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Far North Ohio Divorce Lawyer
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Ending a marriage is never an easy decision. Even when there have been no overt acts of cruelty or adultery, the mere breakdown in communication between spouses can lead to divorce. And while the process need not be acrimonious, it still requires observing certain legal formalities.
The far north Ohio divorce attorneys at the Lawrence Law Office understand that this is a difficult time for all parties concerned. Divorce affects not just the estranged spouses, but also their children and other family members. That is why we strive to provide skilled, professional representation to our clients. By taking the burden of dealing with the legal paperwork off of your hands, we can help move you towards a successful resolution of any outstanding issues you have with your soon-to-be-former spouse.
What Are the Legal Requirements for a Divorce or Dissolution in Ohio?
Before addressing grounds, it is important to explain Ohio’s residency requirement. Before an Ohio court can even hear a divorce case, one spouse must have been a resident of this state for at least six months prior to the divorce filing. If neither spouse is actually an Ohio resident, its courts cannot legally grant a divorce or dissolution.
In terms of the grounds for divorce, Ohio law lists a number of reasons that one spouse can seek to end a marriage, including:
- Their spouse has another living spouse, i.e., they have committed bigamy;
- Their spouse has been “willfully” absent for at least one year;
- Their spouse committed adultery;
- Their spouse engaged in acts of “extreme cruelty”
- Their spouse is habitually drunk; and
- Their spouse is currently serving a prison sentence.
These are what we typically call “fault-based” grounds. Ohio law also recognizes certain “no-fault” grounds as well. The two most common no-fault grounds are that the parties have lived separate and apart for at least one year prior to the divorce filing, or that the spouses agree they are simply “incompatible” and incapable of staying married.
In many cases, spouses who jointly agree to end their marriage may file for a “dissolution” rather than a divorce. Legally, dissolution ends a marriage the same as divorce. But a dissolution involves no assignment of fault and requires both sides to agree to a settlement of any outstanding issues.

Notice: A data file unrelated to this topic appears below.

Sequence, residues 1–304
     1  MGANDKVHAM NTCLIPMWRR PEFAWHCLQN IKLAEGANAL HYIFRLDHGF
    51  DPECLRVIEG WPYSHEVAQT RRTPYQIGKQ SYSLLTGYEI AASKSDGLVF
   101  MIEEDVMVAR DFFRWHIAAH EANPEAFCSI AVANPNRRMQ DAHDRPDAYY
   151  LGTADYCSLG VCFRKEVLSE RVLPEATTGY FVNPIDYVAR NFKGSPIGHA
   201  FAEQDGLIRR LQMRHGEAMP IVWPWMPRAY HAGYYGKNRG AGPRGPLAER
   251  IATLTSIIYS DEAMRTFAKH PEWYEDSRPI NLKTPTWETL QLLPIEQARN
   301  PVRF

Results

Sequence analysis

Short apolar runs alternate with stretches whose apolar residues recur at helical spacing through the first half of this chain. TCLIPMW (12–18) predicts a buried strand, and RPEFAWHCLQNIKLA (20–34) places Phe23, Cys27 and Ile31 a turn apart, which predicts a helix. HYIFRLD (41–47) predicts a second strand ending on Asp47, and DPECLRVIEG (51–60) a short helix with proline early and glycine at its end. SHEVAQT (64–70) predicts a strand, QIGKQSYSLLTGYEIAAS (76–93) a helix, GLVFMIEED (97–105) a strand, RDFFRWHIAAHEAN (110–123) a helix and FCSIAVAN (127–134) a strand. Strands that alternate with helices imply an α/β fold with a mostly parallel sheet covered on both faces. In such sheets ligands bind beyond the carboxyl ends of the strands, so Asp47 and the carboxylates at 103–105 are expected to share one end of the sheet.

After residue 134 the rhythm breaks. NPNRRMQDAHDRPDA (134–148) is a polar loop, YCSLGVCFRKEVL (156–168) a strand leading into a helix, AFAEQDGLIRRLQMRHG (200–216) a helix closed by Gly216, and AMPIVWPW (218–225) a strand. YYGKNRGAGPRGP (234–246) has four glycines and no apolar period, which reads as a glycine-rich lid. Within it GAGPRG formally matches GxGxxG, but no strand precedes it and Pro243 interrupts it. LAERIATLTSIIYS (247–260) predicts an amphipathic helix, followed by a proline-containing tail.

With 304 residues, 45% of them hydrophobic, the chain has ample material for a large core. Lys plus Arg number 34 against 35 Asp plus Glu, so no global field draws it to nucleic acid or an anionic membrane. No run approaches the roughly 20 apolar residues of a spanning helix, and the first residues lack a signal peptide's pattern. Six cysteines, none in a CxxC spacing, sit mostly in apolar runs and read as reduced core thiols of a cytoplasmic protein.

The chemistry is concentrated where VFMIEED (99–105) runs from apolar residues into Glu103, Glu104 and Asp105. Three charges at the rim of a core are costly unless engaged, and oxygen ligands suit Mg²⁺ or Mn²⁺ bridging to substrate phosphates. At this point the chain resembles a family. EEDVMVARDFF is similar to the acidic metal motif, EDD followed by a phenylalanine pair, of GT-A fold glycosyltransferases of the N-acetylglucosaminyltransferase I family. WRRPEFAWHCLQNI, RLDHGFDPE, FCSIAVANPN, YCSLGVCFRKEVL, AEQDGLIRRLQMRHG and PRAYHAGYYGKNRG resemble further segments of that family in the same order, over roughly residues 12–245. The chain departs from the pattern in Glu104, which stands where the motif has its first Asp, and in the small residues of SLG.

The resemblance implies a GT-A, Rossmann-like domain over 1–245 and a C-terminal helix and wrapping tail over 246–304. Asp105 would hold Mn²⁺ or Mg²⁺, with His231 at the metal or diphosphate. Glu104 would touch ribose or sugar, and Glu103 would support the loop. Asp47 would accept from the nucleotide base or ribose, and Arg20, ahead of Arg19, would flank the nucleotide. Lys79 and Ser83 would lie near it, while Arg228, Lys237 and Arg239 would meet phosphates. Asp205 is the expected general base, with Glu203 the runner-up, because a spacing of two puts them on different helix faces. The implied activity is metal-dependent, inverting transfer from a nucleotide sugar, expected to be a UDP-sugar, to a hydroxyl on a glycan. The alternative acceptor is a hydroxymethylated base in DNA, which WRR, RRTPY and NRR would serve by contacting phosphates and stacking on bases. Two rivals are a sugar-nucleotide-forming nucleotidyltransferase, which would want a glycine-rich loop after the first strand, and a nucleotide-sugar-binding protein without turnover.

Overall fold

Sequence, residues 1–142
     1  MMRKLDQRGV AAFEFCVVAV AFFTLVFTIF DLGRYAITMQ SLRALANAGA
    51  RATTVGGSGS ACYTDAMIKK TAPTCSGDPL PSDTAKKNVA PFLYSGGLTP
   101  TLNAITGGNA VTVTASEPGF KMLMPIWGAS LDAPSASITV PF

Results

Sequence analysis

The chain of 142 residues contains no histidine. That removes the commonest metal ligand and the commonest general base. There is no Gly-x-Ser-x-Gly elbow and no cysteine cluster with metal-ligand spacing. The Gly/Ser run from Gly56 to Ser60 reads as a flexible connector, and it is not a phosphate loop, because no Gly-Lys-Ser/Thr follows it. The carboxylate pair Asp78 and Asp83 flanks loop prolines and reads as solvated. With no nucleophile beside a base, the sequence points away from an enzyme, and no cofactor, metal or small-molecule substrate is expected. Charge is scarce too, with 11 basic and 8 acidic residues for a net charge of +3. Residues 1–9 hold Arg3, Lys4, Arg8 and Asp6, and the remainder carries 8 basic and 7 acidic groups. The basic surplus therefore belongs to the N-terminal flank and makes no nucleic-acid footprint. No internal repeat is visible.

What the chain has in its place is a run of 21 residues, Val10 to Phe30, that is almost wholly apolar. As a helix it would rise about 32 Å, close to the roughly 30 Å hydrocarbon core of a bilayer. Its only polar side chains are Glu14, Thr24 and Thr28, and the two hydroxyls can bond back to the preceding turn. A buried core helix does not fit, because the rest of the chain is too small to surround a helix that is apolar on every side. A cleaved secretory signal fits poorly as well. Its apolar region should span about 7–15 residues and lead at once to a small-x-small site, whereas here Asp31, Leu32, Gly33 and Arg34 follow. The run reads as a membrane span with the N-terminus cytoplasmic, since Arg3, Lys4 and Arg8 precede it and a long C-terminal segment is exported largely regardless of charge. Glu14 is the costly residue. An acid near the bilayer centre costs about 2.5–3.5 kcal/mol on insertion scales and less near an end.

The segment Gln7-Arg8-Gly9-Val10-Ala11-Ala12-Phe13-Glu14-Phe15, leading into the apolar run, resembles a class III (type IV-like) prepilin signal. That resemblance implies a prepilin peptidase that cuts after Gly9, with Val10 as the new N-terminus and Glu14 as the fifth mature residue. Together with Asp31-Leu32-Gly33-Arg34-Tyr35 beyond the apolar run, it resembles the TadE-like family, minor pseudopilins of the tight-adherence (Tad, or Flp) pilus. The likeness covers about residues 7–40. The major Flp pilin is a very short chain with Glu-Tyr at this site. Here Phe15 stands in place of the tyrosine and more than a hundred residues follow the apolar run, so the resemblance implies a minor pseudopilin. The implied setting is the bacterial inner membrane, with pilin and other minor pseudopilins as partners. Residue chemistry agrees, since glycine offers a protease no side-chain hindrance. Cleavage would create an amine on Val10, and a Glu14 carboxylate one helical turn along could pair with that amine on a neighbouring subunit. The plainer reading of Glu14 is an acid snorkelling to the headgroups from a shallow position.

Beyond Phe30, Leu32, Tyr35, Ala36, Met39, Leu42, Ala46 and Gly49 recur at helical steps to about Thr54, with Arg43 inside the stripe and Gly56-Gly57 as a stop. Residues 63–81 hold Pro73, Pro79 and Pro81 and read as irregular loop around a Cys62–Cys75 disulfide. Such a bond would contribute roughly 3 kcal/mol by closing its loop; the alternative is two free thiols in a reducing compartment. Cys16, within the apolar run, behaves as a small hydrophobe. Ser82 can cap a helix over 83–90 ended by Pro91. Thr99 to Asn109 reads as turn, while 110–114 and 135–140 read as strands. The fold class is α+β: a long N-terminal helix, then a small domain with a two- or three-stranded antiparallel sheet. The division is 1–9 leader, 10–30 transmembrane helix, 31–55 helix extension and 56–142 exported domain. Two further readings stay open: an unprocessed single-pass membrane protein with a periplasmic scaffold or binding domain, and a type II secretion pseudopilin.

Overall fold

Child Custody and Divorce
If a divorcing couple have any minor children, the issue of custody must be resolve. Ohio technically does not refer to “custody,” but rather the allocation of “parental rights and responsibilities for the care of children.” This basically means a court must decide if one parent will have sole responsibility for making major decisions affecting the children’s lives or if both parents should share those duties.
Even when one parent is given sole decision-making authority, the other parent is usually entitled to a certain amount of “parenting time” or visitation. It is always preferable for parents to reach an agreement on these issues before going to court. We can help you in negotiating a visitation schedule that works for both you and your children.
It is also important to resolve issues of child support before a divorce becomes final. Ohio law requires both parents to financially support their children regardless of custody arrangements. Typically, this means the non-custodial parent will pay monthly support to the other parent. Keep in mind, this money is for the benefit of the child, not the custodial parent.
Like many states, Ohio has established a series of guidelines to help a court decide the appropriate amount of child support. These are just guidelines, however, and depending on the unique factors of your case, a judge may elect to depart from the general rule.
Spousal Support and Alimony
Separate from child support, Ohio law also permits a court to award spousal support–i.e., alimony–to one spouse in a divorce case. Such support awards are most commonly made when one spouse earns significantly less money than the other. Depending on the specific facts of your case, a judge may grant alimony on either a short-term or long-term basis.
Other Practice Areas
- Family Law
- Prenuptial Agreements
- Stepparent Adoption
- Grandparent Visitation Rights
- Spousal Support
- Equitable Distribution
- Military Divorce
- Social Media in Divorce
- Contempt & Enforcement
- Post Divorce
- Business Owners Divorce
- Tax issues
- Child Custody
- Grandparent Rights
- Same-Sex Couples Child Custody
- High Asset Divorce
- Retirement Assets
- Estate Planning
The place to go.
Lawrence Law Office is the place to go if you need expert and experienced legal counsel. Very knowledgeable about the court system. Been around along time. I highly recommend them!Stephen
Obtaining Timely Legal Representation
These are just a few of the legal issues that came up in an Ohio divorce case. Many times, resolving these questions will not require a long, drawn-out process. Our lawyers can advise you on many alternative forms of dispute resolution, such as mediation, arbitration, and collaborative divorce. Ending a marriage does not have to mean fighting your estranged spouse in court. Contact the Lawrence Law Office today to learn more about your options.